The Debate Over a Post Office Bailout, ExplainedBreaking News
tags: politics, USPS, Post Office, Donald Trump, coronavirus
The Postal Service’s long-term problem
The Postal Service has been organized in several different ways across American history, but its modern paradigm, dating from the 1970s, dictates that the USPS is supposed to be a self-funded, independently operating public sector entity.
And at the core of that entity is a two-sided bargain. On the one hand, the Postal Service gets a monopoly on the provision of daily mail services. On the other hand, the Postal Service undertakes a series of public service obligations that a private company would not provide — most notably, daily mail delivery and flat postage rates regardless of where you live.
But the volume of first-class mail — the source of the lion’s share of USPS revenue and the cornerstone of both its monopoly and its universal service obligations — peaked in 2001 at 104 billion pieces of mail. Decline has been fairly steady since then, falling to just 55 billion pieces in 2019. The cost of meeting USPS’s basic service obligations, by contrast, has essentially remained steady, creating an obvious financial problem.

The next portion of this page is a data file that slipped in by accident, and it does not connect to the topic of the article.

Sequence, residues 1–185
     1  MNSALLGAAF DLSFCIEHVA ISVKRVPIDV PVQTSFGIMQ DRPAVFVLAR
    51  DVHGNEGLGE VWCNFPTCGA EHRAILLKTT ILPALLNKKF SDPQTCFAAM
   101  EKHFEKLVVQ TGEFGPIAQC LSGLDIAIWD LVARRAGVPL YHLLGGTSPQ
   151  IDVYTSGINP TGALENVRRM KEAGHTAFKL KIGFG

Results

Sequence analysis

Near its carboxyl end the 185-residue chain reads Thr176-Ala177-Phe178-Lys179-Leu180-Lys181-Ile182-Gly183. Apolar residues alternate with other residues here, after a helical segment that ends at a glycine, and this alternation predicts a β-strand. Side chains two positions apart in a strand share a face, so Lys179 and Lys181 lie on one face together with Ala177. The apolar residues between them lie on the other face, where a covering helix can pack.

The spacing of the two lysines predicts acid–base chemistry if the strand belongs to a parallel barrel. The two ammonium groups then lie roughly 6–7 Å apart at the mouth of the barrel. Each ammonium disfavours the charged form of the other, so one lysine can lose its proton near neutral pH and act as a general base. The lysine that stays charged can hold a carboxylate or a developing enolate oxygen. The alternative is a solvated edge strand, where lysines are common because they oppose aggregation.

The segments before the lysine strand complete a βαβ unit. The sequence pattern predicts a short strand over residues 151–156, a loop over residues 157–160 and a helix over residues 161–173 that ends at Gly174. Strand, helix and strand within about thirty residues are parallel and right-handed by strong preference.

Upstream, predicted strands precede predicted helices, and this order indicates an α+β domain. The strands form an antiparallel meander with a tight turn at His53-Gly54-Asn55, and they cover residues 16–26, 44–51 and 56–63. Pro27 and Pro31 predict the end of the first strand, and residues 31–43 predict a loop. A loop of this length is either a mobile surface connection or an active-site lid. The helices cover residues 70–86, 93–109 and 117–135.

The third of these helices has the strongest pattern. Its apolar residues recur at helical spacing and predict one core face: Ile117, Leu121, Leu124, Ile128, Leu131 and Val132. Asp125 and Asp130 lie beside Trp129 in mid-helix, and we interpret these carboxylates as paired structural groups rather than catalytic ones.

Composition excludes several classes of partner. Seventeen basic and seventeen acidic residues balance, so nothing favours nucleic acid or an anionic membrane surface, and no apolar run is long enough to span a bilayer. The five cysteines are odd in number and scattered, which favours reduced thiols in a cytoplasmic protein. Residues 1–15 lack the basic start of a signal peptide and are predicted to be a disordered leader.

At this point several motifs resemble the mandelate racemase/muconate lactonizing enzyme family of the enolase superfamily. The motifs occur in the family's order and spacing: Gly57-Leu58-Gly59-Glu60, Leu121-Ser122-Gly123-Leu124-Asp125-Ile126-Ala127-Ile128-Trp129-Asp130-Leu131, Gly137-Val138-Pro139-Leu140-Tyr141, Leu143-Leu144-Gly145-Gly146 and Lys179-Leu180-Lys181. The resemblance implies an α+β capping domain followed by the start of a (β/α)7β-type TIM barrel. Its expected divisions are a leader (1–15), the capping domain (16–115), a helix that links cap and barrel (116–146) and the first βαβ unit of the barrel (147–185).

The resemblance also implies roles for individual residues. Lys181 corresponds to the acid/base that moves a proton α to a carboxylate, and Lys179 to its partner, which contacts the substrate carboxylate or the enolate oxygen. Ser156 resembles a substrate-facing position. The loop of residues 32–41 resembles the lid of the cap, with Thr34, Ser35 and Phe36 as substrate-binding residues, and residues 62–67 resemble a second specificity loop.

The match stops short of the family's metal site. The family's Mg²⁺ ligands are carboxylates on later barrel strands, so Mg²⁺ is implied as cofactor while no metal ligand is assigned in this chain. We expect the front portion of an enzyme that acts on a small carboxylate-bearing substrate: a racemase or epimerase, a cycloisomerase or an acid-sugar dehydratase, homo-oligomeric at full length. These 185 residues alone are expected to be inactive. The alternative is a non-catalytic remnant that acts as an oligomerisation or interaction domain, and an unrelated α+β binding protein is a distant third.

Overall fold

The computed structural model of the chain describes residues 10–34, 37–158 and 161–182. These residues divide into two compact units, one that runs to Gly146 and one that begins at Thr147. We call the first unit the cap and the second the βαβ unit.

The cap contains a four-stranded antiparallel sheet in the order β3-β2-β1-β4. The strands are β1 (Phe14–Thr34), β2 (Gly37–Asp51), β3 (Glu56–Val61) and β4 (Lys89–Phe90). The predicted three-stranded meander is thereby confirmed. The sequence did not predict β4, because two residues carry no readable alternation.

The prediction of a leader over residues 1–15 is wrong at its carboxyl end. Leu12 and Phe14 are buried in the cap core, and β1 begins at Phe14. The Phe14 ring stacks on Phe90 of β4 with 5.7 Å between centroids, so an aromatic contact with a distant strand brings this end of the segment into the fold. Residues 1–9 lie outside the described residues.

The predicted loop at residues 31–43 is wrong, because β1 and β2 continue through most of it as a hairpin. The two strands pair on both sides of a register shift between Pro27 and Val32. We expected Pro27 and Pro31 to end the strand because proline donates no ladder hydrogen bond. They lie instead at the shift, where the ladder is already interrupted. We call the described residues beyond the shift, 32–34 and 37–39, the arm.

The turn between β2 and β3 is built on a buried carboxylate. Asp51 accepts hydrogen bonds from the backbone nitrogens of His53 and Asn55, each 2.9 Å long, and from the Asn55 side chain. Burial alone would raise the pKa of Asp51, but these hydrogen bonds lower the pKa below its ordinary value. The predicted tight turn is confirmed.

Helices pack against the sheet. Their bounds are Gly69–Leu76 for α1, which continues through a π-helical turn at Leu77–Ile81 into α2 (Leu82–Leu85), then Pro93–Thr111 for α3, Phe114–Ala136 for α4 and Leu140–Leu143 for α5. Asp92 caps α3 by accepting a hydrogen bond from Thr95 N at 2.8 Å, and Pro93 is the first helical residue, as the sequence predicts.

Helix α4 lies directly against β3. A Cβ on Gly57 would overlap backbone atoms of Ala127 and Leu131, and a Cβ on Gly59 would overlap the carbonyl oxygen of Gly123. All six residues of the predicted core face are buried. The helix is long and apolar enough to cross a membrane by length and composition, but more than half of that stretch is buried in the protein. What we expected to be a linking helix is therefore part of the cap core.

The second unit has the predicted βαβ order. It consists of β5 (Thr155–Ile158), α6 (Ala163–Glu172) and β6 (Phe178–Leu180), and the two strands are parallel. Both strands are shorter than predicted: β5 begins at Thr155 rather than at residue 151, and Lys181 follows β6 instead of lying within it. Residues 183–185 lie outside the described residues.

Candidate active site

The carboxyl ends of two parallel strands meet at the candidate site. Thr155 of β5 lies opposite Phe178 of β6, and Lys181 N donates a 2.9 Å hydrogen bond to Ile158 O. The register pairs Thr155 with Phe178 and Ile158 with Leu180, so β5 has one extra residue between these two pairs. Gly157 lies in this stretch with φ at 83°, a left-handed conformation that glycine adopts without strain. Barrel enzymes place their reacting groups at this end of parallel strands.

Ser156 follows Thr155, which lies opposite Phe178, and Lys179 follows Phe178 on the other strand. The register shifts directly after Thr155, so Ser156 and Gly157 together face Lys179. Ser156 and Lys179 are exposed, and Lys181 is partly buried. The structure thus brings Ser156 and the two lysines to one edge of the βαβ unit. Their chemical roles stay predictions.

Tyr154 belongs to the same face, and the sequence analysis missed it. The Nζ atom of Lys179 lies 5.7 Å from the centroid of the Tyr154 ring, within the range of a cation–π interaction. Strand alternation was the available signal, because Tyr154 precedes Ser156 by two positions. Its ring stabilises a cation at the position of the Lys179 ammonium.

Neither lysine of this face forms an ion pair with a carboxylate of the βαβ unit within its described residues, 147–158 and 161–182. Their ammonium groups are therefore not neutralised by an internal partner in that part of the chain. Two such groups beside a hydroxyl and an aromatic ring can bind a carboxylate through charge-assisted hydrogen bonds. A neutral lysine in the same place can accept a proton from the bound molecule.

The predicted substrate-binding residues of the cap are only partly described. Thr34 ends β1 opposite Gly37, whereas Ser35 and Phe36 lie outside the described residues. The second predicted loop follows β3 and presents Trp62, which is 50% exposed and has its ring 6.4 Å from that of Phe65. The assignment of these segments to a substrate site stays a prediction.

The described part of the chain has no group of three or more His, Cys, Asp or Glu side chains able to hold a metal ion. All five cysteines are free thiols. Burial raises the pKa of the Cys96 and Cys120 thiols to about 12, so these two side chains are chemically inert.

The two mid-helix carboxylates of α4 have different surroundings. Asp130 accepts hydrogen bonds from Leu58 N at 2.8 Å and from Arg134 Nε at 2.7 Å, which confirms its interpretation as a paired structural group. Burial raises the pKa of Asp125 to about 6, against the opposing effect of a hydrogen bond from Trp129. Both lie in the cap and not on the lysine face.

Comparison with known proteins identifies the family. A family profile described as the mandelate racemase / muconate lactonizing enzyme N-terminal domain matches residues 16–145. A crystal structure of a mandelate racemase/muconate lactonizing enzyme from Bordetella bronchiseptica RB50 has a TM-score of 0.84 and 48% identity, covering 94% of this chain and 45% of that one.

There’s little reason to think the decline of paper mail will reverse in the future, so one possible response would be to cut costs by closing post offices, canceling Saturday delivery, and laying off workers. Congress has generally opposed that, pushing the postal service to instead find new sources of revenue such as its parcel delivery business in which it competes with UPS, Federal Express, and other private companies.
A few other solutions have been floated, but none have taken hold. For instance, many people on the left would like to see laws changed to allow USPS to begin offering banking services to both increase revenue and create a public option that would compete with private banks. On the right, the general preference is to privatize postal services (which is what’s largely happened in Europe) and end the mix of special monopolies and special service obligations that currently governs postage.
Back in 2006, a lame-duck Republican Congress turned up the pressure on privatization by forcing the Postal Service to prefund decades of pension and retiree health costs through investments in low-yield government bonds. That onerous obligation made USPS technically insolvent before the coronavirus hit. But rather than achieving its apparent intended result of spurring privatization, in practice it mostly served to give privatization opponents something to complain about rather than addressing the underlying decline in USPS’s business model. Along the way, however, USPS did find a promising new line of business as a contractor delivering Amazon packages.
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